DJ Sin is a welcomed presence at Jaeger. Whether he’s playing alongside one of our residents, dancing in the midst of a packed dance floor or recording another Jaeger Mix edition, he always brings a contagious vibe with him. Growing up in Belgrade, he cut his teeth on the decks in soviet era Serbia (then part of Yoguslavia) with the sounds of breakbeat music informing his early development. Today he regularly plays around Oslo as something of a veteran of the scene, and when he’s not playing here, he is bringing DJs like Prins Thomas to the Serbian capital.
For his third appearance on the Jaeger Mix, Sin delivers more of that idiosyncratic sound that has followed him through the years. With an emphatic polyrhythm at its core, Sin journeys to the outer edges of beat music, playing both old curiosities and new exotics. Bold, snappy percussion lays the foundation for Sin’s mix, with memorable synth bass-lines and amiable melodic arrangements floating through the mix.
DJ Sin brought a little bit of paradise to our late night courtyard which at the time was being drenched with an unrelentless downpour. Synthesisers playing frosty chords, gated kick drums pounding against undulating bass lines and the odd vocal to acquiesce to the human language, brought a little shelter to the al fresco dance floor, which carries through on the recording and into the present today.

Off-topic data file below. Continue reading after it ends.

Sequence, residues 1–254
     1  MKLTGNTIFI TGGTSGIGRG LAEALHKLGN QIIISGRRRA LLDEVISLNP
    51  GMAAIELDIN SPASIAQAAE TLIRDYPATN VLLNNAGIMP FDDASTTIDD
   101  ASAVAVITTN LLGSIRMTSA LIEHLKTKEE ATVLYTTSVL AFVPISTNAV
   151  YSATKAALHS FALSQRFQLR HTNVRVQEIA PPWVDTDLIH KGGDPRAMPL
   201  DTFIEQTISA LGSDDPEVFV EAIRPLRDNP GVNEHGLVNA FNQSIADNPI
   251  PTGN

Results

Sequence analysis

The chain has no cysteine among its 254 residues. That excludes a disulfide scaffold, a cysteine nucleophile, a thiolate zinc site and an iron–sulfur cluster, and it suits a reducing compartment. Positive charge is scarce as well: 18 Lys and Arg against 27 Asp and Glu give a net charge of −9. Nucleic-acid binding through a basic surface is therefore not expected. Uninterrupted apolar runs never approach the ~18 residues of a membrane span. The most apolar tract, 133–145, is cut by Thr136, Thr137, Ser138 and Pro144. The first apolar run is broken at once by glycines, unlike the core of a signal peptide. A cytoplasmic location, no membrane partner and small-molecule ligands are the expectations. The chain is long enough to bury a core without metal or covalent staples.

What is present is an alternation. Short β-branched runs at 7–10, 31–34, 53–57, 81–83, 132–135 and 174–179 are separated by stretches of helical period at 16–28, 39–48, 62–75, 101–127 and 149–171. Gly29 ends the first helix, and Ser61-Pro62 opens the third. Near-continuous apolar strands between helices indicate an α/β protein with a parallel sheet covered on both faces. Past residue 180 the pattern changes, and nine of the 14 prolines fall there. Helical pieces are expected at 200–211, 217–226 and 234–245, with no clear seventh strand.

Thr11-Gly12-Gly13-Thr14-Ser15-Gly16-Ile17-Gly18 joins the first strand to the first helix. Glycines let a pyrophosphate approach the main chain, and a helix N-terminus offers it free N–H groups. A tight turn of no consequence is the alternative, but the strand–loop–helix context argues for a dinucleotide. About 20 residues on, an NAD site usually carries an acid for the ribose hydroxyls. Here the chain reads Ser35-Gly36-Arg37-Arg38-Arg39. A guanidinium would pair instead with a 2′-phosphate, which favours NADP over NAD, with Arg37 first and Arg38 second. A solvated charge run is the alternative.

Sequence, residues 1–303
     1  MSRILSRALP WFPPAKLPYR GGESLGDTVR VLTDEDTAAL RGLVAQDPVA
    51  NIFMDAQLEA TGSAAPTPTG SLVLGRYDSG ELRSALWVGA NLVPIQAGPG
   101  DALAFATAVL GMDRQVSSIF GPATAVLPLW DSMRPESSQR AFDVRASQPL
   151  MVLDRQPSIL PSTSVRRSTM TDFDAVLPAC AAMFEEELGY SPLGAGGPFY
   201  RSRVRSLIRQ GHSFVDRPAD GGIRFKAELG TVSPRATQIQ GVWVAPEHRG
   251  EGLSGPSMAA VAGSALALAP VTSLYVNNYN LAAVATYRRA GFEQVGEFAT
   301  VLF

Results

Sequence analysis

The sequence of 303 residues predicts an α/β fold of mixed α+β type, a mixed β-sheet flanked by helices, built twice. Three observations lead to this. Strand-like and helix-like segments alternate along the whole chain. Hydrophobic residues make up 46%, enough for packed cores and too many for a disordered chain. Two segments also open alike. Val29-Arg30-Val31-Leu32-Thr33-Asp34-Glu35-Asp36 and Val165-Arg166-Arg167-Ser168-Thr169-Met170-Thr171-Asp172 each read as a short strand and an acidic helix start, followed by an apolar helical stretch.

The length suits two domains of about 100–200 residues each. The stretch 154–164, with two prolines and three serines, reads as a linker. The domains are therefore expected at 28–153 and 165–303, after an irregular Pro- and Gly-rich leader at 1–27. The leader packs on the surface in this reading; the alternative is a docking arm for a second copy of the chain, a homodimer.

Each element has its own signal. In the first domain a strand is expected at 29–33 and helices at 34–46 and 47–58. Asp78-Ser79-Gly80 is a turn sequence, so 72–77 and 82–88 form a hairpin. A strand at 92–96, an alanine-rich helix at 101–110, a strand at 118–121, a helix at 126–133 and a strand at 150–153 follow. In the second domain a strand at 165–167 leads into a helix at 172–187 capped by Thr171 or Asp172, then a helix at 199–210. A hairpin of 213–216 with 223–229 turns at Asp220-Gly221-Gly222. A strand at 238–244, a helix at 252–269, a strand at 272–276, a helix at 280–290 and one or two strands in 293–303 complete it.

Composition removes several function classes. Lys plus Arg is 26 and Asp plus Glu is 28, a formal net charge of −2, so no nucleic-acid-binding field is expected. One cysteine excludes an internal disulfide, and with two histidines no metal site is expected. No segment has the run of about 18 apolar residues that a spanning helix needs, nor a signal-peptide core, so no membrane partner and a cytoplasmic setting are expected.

There’s a lot more to Sin than the DJ honorific suggests and as he persists to be a fixture in Oslo, we’re learning more and more about him as this mix series and the accompanying Q&A progresses.
Hello and welcome back to the Jaeger Mix Sin.
Thank you for inviting me again. It’s always a pleasure to visit you either on your club nights, playing or recording a mix.
How is it different from the last Jaeger mix you did for us?
It was supposed to be mainly a mix of tunes from my dj/producer friends, but I was late to collect all of the ones I wanted. Still, some of the tunes in the mix are an open invitation for the summer to finally arrive.
This mix was made under the same circumstances as the last one – it’s raining all day, and I had a great time, the day before.
I recently caught up with you at Filter Musikk, and you walked out of there with a Mantronix EP under your arm. What do you usually look for in a record to make into a DJ Sin mix?
I love Mantronix ! I grew up in that early rap/hip hop/ break dance era, and still love that vibe.
A “Dj Sin mix” usually reflects some type of emotion or attitude that I consider interesting to communicate to an audience. Records I like are those waking up some sort of happiness and feeling inside of me.
What are you drawn to more today, old records or new records?
Following club music in real time over the decades, often forces you to do a little ‘sound surgery’ and detecting bass lines, samples, themes and identifying it with something similar from the past. There is plenty of good music out there today. There are a lot of producers who are making interesting music all the time. So, my answer is I love new music, but I cannot separate it completely from the musical evolution.
You’re something of veteran and you’ve been collecting records since the eighties, but was there ever a time when you stopped buying new records?